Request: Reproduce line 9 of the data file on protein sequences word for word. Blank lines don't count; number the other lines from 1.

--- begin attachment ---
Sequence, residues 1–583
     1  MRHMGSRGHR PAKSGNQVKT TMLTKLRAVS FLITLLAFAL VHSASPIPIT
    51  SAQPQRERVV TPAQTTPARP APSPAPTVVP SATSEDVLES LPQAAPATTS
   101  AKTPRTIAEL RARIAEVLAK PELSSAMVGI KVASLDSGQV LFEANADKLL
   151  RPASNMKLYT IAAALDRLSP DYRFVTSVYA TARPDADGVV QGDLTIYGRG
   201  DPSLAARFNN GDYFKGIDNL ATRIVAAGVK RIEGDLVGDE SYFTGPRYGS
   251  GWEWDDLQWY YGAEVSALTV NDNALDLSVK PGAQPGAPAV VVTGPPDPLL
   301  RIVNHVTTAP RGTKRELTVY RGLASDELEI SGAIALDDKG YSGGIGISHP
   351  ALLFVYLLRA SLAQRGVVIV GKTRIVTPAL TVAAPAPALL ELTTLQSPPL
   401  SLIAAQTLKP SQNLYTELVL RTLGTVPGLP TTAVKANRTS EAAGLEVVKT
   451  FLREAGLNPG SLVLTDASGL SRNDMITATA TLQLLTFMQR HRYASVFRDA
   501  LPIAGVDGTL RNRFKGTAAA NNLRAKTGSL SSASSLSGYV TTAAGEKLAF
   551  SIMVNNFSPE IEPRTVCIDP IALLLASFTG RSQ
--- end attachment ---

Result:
   351  ALLFVYLLRA SLAQRGVVIV GKTRIVTPAL TVAAPAPALL ELTTLQSPPL